More than a third of UK consumers would be happy for service providers to share their personal data with other suppliers or third parties, according to new research...
The findings were reported in a research study completed by outsourced customer engagement specialist Echo Managed Services. The company surveyed 1,000 UK residents on their knowledge and attitudes to debt and asked how they would feel about everyday providers – such as water, energy and telephone companies - sharing their personal data amongst themselves or with third parties such as charities to help them better manage their bill payments.
It found that 27% of people would be happy for their information to be shared if it was used to help them better manage their bills or provide more tailored support if they fell behind on payments.
However, one in five (20%) of people wouldn’t agree to data sharing, even if it could provide more proactive and personalised debt support. Another 29% of those surveyed also stated that they would worry about the security of their data if it was shared in this way.
Interestingly, the age groups which – earlier in the research – had claimed they were most financially stretched (25-34 and 35-44) were most reticent about data sharing. This may be reflective of today’s “debt stigma”; the fact that 52% of people believe there is a degree of shame attached to asking providers for help if they fall into debt.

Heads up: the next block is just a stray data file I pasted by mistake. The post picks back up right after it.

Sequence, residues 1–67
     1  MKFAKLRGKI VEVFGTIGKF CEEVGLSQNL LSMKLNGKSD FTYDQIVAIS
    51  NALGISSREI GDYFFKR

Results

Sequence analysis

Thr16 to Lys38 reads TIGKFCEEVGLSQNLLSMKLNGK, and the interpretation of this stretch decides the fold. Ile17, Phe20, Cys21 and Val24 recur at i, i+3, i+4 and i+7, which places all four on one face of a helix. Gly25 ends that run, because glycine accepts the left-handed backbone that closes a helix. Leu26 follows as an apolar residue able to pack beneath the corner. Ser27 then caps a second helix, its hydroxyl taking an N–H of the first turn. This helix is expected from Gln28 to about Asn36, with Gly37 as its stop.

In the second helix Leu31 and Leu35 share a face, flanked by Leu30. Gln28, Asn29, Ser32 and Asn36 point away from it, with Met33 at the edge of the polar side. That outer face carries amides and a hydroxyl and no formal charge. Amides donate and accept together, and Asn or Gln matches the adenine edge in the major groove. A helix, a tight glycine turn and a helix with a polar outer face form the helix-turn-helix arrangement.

“Data sharing can enable companies to develop better insight and intelligence about their customer base, more accurately create payment profiles for individual bill payers and provide more targeted support for customers who need it most. Indeed, it is likely that data sharing holds part of the solution to help better manage bill payment and more tailored support for customers."
Monica Mackintosh, customer services director, Echo Managed Services
Despite this, it’s important not to assume that customers would automatically be happy to share their data – even if it would help them in the long-run. Trust plays an important role, and recent high profile data leaks are likely to have undermined consumer confidence in the ways their personal data is handed. Being open and transparent and educating consumers around data sharing and data usage may go some way in alleviating these concerns, providing suppliers ensure they follow through on this, using data alongside the right technologies to drive proactive and tailored support for customers in arrears; making sure they experience real benefit and not just data sharing for sharing’s sake.
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